I eventually unlinked my blog from my Linkedin profile, not because I was ashamed of what I was writing, but because I realized that my writing didn’t fit the medium. Imagine how it would look if I was at a business conference networking, and started using cuss words in my dialogue?

Then today I read an article on Social Media Today by Tracy Gold, titled “How Social Media Can Get You a Job“. Her last point was to “Google yourself”, and to preemptively combat any negative information about yourself.

For about 15 minutes, I went into panic mode, thinking about my blog with all the curses.

I had applied to maybe 3 or 4 jobs, and hadn’t heard any responses.

What if I wasn’t getting any responses because of what I wrote on my blog?

So I forced myself to do something I’ve always dreaded doing (go back and read what I wrote a few months ago).

As I was browsing through the posts, not only was I dismayed by the poor quality of writing (awful), but I could also see that I used the F-word about 20 or so times, as well as some other choice vocabulary.

I began thinking about what my parents, friends, potential employers, or even random visitors to my blog would think when they read my posts.

Would they just assume I spoke like this in real life?


After I finished reading my old posts, I calmed down however. For one, I could see that my later posts didn’t contain any profanity at all, which is good because the whole first page has no profanity, meaning you’d have to dig a little deeper to see them.

Second, why would I want to change or erase something I wrote, something that is a part of me, even if it is embarrassing?

CEO Eric Schmidt made headlines last year when he predicted that in the future, young adults will be able to change their identity to escape their youthful indiscretions. (Think of that Facebook picture of you hitting the bong.)


I’m not going to get too deep into what Schmidt said, but I don’t really agree with him.

I value those posts with the expletives as much, if not more, than the posts I write to help people with whatever they need.

Want to know why?

Because I took chances, pushed boundaries, made mistakes, and as a result, I learned valuable lessons that will remain with me for the rest of my life.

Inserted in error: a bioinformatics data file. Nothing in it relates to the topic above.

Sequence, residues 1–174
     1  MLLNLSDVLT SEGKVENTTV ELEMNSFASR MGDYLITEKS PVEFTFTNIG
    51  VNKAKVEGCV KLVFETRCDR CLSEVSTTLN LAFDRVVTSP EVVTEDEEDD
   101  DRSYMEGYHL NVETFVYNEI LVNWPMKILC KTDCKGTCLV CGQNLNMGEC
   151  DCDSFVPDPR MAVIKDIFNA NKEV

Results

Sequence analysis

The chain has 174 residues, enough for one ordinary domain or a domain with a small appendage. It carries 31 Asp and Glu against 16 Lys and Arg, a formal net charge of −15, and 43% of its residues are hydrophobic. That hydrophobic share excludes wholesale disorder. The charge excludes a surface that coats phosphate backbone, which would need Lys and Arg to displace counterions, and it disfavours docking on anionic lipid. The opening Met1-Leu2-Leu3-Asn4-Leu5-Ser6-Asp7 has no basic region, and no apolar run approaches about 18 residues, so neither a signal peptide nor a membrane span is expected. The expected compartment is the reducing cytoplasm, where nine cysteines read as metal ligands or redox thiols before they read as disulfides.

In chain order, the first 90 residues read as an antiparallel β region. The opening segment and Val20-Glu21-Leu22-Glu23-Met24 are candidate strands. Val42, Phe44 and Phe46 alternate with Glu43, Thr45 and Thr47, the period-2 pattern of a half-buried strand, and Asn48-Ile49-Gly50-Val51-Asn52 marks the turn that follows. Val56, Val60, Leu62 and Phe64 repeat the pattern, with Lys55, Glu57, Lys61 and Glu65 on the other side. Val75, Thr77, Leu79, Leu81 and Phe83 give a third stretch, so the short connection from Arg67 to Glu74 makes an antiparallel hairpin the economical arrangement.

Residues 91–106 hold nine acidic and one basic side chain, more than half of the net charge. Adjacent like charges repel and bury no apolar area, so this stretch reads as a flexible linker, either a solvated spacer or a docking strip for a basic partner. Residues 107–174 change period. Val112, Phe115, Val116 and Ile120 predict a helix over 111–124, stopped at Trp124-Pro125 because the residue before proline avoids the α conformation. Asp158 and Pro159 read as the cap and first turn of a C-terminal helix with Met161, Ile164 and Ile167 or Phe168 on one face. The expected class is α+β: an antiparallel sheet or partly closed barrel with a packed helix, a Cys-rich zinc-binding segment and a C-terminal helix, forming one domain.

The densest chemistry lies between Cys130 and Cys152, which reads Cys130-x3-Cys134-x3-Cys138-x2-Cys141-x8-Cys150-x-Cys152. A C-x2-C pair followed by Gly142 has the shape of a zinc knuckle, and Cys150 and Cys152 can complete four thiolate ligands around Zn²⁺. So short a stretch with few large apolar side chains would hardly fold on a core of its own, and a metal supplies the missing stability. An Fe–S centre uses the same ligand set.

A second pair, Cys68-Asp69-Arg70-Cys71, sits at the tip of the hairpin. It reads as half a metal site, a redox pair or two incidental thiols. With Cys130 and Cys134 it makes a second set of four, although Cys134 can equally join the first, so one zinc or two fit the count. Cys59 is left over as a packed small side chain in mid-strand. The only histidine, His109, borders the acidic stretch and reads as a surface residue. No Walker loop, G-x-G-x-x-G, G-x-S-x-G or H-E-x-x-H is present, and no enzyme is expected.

Isn’t that part of growing up? Making mistakes? And then learning from them?


So if an employer is not going to hire me based off what he saw me write 6 months ago, when I was first blogging, then good; I probably don’t want to work for that employer anyways. If they can’t see what I’ve done since that initial phase (including this post), then they don’t deserve my skills, creativity, and experiences.


Have you made any mistakes on the web? What did you learn from them? Share them in the comments below.

You Too Can Be A Musician

I have a confession to make. When yesterday I wrote that I’ve always had the dream of working in the music industry, it was only partially true.

The real truth is that I’ve always wanted to become a producer/rapper, but I’ve never had the balls to actually try it.

I’ve never really free-styled, and the closest I’ve ever come to making my own music was being able to play the Clarinet up until I was 17.

I was hanging out with a good friend the other day when he bought a set of digital turn tables, plugged it into his Mac, and began mixing and scratching beats.

He said to me, “Wanna try?”

I scoffed at his suggestion, “Who me? I’d probably suck big time.”

“No, it’s really easy,” he responded. “Take it, I’ll show you how.”

And that’s how I realized that I really should start rapping and producing my own music.

You see, I’ve been reading this book called, “This is Your Brain on Music” by Daniel J. Levitin that is really quite interesting.

He talks about how our culture makes a distinction between a class of expert performers and the rest of us.

Here is a line from the book:

“A couple of generations ago, before television, many families would sit around and play music together for entertainment. Nowadays there is a great emphasis on technique and skill, and whether a musician is ‘good enough’ to play for others. Music making has become a somewhat reserved activity in our culture, and the rest of us listen.” (pg 7)

But I believe that this trend is slowly being bucked. With the rise of the web, many of the obstacles that prevented the “rest of us” from becoming musicians has been stripped away.

With the web, a musician can learn his craft through the many online manuals, buy equipment, (net)work with other musicians, showcase their skills, and hopefully build a following or get signed.

My goal is not necessarily to make it big; I just want to become a musician.

Somewhere down the line, say 30, I would love to be part of a band and do shows.

The other part, would be to actually write about and work in the business side of music.

So that is my big dream.

I hope that writing it down for everyone to see, pushes me to become it.